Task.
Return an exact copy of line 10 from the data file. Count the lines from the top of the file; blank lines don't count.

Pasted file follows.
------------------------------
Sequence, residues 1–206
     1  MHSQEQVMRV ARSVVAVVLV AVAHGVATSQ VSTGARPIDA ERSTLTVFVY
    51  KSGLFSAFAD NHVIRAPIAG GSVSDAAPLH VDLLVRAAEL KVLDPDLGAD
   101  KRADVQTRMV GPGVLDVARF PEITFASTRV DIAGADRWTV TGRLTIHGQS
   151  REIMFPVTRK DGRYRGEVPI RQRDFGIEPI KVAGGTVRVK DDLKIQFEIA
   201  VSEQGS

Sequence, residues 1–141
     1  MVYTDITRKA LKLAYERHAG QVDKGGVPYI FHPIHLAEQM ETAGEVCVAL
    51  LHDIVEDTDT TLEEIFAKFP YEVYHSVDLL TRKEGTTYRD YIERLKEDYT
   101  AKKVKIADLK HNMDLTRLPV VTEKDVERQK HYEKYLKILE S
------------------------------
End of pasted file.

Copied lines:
   101  AKKVKIADLK HNMDLTRLPV VTEKDVERQK HYEKYLKILE S